8. I totally don’t agree that beauty equals power. Beauty is an illusion. Knowledge = power and money = power. How do you know for sure that Z isn’t the one in control here and shamelessly using X to have casual sex whenever she wants?

  9. What is most interesting about this post is the way everyone chose different portions to reply about. It obviously spoke to different people so many different ways, great job Kat!

    • I was just thinking the same thing as curiosity got the best of me and I read all the comments this morning.

      Excellent writers make people feel uncomfortable. They make something chafe in a way the prompts a response. Good job Kat.

  10. Ok… so first of all I agree with Katie. And Zak, too, for that matter: At first I didn’t mind Date #7, but it seems like things have gone a more than a bit one-way and he’s playing games [from what you've written].

    To be not-PC, and possibly offensive: Many/most of the dancers I knew when I lived in California were beautiful…but they terrified me: Really, abnormally, low self-esteem combined with a “why isn’t anyone looking at me? I need to do something crazy/dangerous/destructive so they look at me!” psychology lead to all sorts of undesireable behaviors.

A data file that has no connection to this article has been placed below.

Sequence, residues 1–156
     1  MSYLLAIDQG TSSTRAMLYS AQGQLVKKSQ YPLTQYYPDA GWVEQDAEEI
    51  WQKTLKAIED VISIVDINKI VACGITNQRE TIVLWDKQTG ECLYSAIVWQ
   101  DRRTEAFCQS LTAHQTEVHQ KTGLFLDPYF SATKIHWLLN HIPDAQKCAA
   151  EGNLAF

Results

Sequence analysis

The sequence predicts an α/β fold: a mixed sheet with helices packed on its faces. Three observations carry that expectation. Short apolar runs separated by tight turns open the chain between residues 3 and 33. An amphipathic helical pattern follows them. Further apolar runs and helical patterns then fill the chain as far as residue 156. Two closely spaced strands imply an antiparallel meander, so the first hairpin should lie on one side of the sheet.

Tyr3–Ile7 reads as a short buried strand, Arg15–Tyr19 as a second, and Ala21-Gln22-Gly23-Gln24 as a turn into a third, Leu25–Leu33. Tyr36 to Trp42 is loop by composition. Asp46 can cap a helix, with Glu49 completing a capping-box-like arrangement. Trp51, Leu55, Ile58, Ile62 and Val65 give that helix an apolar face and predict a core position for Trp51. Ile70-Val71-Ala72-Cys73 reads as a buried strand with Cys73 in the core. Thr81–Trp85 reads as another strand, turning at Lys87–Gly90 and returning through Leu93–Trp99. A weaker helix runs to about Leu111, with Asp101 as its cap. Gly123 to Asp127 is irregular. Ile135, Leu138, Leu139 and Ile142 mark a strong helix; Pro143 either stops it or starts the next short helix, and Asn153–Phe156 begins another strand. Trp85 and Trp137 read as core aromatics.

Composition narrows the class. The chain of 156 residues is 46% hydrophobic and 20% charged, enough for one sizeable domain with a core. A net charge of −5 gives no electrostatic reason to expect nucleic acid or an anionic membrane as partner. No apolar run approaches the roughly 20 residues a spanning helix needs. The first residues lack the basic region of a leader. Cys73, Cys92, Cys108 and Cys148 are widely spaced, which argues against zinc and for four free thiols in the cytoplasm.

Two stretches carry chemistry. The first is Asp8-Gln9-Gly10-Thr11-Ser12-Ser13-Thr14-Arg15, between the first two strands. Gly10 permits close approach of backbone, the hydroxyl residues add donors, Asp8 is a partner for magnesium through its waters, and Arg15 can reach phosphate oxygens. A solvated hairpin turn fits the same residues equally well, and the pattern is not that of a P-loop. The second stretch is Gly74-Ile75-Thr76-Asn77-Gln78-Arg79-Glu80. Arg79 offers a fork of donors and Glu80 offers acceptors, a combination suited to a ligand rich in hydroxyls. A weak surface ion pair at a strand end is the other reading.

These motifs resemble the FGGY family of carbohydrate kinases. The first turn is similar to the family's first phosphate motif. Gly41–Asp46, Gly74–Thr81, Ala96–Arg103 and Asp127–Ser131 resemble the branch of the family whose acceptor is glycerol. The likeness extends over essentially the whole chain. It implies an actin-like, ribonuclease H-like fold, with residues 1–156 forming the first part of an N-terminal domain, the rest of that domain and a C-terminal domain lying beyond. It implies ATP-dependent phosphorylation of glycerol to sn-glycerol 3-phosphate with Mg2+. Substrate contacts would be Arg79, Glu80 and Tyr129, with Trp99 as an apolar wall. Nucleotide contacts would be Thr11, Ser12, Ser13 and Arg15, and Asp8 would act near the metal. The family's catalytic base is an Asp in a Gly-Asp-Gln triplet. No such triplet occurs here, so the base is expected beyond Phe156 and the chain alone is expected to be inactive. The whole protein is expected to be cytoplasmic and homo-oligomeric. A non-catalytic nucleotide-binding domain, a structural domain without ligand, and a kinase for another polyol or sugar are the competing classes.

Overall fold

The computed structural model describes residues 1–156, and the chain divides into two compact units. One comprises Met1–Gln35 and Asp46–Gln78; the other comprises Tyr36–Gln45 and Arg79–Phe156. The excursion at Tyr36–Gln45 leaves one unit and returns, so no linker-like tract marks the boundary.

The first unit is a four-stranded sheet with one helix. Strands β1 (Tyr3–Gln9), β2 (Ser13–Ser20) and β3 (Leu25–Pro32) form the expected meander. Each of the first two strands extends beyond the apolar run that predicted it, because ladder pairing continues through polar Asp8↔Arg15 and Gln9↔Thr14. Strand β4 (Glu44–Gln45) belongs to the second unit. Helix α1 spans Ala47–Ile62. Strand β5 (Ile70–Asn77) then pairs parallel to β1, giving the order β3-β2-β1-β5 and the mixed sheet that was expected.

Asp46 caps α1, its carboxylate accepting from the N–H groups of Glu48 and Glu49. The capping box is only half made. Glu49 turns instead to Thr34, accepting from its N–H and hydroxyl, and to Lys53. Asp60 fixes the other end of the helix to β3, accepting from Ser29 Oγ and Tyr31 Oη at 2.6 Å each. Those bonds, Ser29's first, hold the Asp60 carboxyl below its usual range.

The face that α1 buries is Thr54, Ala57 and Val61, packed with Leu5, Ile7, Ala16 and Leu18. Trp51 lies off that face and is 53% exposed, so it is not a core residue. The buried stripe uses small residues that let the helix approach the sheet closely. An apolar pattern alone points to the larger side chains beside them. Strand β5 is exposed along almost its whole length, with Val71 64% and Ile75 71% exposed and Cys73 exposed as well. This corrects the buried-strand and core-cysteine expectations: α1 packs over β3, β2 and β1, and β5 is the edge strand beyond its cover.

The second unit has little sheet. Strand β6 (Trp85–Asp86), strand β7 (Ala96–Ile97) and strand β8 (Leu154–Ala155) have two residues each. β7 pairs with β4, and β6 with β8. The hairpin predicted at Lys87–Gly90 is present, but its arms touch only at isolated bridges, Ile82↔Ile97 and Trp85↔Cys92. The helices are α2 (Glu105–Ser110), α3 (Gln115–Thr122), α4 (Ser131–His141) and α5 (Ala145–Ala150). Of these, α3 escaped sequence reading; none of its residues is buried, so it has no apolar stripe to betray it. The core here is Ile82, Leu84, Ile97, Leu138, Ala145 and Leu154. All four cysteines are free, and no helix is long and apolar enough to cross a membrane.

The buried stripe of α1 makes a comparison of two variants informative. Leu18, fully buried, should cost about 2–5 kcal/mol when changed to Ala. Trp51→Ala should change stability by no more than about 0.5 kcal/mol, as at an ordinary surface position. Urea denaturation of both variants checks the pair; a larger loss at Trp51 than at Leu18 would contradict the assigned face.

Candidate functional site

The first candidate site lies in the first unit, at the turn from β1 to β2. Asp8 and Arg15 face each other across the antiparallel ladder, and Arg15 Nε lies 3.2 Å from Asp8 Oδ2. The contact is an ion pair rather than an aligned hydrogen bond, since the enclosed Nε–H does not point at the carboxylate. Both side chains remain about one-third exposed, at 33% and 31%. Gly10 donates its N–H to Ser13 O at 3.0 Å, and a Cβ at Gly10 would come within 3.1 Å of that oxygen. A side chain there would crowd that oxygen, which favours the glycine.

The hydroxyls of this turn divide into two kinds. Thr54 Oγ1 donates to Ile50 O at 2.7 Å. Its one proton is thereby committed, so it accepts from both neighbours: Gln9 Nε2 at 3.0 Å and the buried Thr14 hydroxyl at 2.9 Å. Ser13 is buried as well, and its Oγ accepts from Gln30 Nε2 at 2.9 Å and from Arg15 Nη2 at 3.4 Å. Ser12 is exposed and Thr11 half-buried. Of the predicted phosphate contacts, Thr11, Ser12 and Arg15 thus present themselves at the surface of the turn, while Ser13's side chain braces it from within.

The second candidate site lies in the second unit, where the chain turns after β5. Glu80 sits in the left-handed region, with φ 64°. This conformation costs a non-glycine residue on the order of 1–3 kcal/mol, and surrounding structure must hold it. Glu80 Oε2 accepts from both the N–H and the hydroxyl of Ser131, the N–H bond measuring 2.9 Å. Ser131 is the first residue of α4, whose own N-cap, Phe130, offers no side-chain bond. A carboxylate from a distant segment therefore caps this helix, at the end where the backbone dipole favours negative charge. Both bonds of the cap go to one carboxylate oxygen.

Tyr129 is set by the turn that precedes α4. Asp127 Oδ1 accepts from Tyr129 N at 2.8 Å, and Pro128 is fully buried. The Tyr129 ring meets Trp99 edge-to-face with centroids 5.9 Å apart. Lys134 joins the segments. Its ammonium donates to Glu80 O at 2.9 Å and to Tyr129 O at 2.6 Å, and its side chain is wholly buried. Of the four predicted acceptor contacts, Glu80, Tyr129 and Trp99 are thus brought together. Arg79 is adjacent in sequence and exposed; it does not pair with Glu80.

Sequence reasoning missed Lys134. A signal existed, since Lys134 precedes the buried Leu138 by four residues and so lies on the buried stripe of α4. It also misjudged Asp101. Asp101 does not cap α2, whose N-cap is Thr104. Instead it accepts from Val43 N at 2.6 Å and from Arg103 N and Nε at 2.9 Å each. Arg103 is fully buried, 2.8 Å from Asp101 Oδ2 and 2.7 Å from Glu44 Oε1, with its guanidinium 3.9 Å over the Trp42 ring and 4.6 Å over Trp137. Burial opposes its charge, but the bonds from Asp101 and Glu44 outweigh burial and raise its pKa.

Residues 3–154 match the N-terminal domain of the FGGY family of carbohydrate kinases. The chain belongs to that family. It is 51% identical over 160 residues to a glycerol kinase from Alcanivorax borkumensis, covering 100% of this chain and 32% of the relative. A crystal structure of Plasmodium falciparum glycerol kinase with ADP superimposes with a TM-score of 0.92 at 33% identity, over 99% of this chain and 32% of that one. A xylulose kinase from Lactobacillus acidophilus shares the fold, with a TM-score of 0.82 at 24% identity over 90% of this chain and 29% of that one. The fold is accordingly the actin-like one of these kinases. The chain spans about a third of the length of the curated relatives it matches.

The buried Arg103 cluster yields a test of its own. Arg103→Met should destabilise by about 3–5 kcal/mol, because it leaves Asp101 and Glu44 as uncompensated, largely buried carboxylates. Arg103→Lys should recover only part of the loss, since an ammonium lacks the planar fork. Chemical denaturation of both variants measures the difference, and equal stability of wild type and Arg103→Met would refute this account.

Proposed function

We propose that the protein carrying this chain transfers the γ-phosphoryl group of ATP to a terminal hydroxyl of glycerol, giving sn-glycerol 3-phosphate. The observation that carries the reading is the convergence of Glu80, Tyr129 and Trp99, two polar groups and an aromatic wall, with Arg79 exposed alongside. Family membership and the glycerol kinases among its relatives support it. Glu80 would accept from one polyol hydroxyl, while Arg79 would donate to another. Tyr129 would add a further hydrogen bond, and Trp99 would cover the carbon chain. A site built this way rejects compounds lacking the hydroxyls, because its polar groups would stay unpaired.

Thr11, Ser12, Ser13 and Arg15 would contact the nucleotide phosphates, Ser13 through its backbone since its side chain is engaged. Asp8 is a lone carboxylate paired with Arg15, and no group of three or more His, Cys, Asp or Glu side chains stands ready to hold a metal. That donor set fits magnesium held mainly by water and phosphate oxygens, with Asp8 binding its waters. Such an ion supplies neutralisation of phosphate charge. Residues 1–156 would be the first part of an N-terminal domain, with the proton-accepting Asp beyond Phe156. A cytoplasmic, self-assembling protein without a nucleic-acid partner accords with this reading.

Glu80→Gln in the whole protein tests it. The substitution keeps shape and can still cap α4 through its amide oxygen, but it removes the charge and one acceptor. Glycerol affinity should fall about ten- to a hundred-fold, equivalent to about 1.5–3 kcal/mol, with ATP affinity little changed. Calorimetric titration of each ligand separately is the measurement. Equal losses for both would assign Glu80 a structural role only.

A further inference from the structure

Among other things, this meant that when they found someone who paid attention to them and enabled the behaviors they stuck with him (or her, as the case/orientation may be) far longer than they shoud have…afraid that without that person they would have nothing, and well… a bird in the hand is worth two in a bush.

    Also I suspect that the “bad boys” hold a level of intrigue for the beautiful women… On paper I think I look really good (reasonably well traveled, adventerous, fairly well connected, street and book smart [as long that book isn't math], clost to family, and a patron of/well known in the local performing arts circles, stable, good paying job] but hell if I could get women to pay attention to me

  11. I definitely get where you’re coming from, and there is something to be said for the “elite” setting a strong example.